Dwayne Wade was an NBA rookie when he ran into Allen Iverson at a Puerto Rico casino. Any nervousness at meeting one of his heroes was quickly assuaged when the Philadelphia 76er threw him a $1,000 chip and said, "Yo, go play this, young fella!"
That was the way of it with Iverson, an inveterate gambler who once lost $1 million in a single night’s blackjack. There is no exact figure on how much he eventually squandered at the tables, just ample evidence it was an essential part of a profligate lifestyle where he blew through career earnings of $154 million and was once banned from several establishments in Atlantic City.
These days, Iverson is fronting a television advertising campaign for PointsBet, one of many online gambling sites currently driving the lucrative gold rush in American sports betting. That he is promoting the very vice that laid him low matters not a jot. Charles Barkley, another hall of fame player with an addiction so severe he confessed to losing $1 million in a single session "maybe 14 or 15" times, was hired by DraftKings to flaunt their wares via an ironic commercial where he sees a doctor about his "winning deficiency". You don't see alcoholics being deployed to flog beer but, apparently, this is different.
Michael Jordan, notoriously fond of a flutter himself as per the conspiracy theory about his sabbatical from the NBA, recently invested in and became an adviser to DraftKings. Their stock went up eight per cent that day and nobody was even slightly perturbed at the Charlotte Hornets' owner taking on this side gig because betting on sports, once a nice little earner for local mobsters, has gone all respectable. The days when wannabe punters needed a connection to a neighbourhood hoodlum to bet the over or under on NFL games are gone.
Two years ago, the United States Supreme Court struck down the Professional and Amateur Sports Protection Act which had up to then restricted legal gambling to Nevada and allowed the mafia to hoover up billions in extra-curricular sports action on the street. Now, all bets are on.
So far, 25 states and the District of Columbia have legalised betting, reaping massive financial rewards in the process. Last month alone, the residents of New Jersey gambled over $800 million in retail and online bookmakers, yielding $7.4 million in tax. For cash-strapped local governments (who will no doubt eventually push for a larger share of the bounty), these fresh revenue streams are being used to make up budget shortfalls and it’s estimated that over the next decade sports betting will grow into an $81 billion industry in America.
The numbers are so gaudy and the money benefiting so many different sectors that there seems a determined effort to just ignore gambling’s fabled capacity to ruin lives and destroy families. From the online betting outfits to the government bean counters to the television networks awash with ads for various betting apps, everybody is making too much money to dwell on the downside. The attack of conscience that has some in Britain and Ireland pondering the immorality of promoting this stuff and mainstreaming the habit has not yet even registered in these parts. The dollar signs have blinded all involved.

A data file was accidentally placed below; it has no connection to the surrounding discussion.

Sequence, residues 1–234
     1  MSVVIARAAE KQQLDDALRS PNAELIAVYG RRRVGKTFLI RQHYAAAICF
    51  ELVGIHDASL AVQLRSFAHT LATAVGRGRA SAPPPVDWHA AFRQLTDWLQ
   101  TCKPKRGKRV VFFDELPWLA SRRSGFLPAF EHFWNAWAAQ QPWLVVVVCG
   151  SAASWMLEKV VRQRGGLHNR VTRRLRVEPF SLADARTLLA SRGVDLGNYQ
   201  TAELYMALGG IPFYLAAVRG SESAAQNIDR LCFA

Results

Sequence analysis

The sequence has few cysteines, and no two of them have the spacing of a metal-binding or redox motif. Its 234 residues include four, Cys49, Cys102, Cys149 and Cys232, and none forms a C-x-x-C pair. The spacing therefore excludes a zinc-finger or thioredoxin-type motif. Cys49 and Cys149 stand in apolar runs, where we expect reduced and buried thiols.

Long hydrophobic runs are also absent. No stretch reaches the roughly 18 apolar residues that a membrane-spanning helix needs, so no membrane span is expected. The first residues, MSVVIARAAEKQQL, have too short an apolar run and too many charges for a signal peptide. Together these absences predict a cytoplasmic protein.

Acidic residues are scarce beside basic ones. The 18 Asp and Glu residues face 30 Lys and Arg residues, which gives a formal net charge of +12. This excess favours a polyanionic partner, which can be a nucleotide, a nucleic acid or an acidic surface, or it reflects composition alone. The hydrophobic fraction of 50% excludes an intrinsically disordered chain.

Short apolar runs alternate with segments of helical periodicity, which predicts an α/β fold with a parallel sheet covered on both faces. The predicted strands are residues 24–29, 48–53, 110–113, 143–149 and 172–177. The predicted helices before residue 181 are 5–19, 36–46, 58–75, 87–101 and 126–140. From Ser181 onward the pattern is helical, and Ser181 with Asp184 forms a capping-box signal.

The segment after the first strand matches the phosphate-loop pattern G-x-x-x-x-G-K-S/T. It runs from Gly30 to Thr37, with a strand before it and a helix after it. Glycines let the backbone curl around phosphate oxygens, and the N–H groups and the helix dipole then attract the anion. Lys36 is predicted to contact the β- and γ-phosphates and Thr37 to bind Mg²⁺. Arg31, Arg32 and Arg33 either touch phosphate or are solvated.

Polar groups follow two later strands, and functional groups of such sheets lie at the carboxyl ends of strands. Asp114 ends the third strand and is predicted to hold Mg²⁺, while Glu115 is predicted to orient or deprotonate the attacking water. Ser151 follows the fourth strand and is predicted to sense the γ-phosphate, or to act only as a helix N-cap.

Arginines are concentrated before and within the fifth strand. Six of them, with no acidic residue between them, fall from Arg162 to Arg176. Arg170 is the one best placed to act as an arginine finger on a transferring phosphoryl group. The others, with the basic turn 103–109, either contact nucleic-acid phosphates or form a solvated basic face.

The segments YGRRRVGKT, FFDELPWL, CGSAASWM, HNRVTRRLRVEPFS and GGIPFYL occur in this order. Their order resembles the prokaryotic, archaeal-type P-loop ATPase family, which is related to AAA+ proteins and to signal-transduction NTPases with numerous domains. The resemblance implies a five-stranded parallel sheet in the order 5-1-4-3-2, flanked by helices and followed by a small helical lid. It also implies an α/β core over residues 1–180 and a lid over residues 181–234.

Just over a year ago, ESPN started “The Daily Wager”, a show to prepare you for the nightly points spreads across every code. The so-called worldwide leader in sports has integration deals with Caesar’s Entertainment and DraftKings on their digital platforms so that when somebody clicks on a betting ad from the ESPN website, they get a slice of the action. NBC has a similar arrangement with PointsBet. For the gambling companies, these relationships are about normalising what was once considered illicit. Not anymore, not with Bryson DeChambeau strolling around Augusta last week with the DraftKings logo on his flat cap.
"The negative societal impact of additional gambling cannot be minimised in a community," said Roger Goodell, commissioner of the NFL. That was just a decade ago. Goodell has since allowed clubs to sign contracts with outfits like BetMGM and to create gambling lounges in their stadia. There's too much gold to be mined in them thar credit cards.
Traditionally the most puritanical about betting, Major League Baseball hangs a sign on every locker-room wall outlining Rule 21d, strictly prohibiting wagering. Yet, on the 100th anniversary of Arnold Rothstein and Sport Sullivan persuading the Chicago White Sox to throw the 1919 World Series, baseball climbed into bed with FanDuel. The same outfit is also the official gaming partner of the PGA Tour.
Everybody is in on this because the sums involved are astounding and the potential nearly limitless. Fox Sports Midwest (a regional television network in St Louis) recently sold its naming rights to Bally Casinos and is promising viewers the capability to bet on games through their televisions. Soon, there will no be no escaping the false promises of instant riches, especially since, like canny drug dealers, most offer opening “free bets” worth $1,000. Never charge for the first hit.
Ten million Americans already have a gambling addiction and, at last count, just nine states where it’s been recently legalised have apportioned any extra funding to helping those afflicted. An estimated 23 million others have got into debt from betting and one report puts the amount owed at somewhere around $55,000 per individual. Numbers that are going to grow and grow. Bet on that.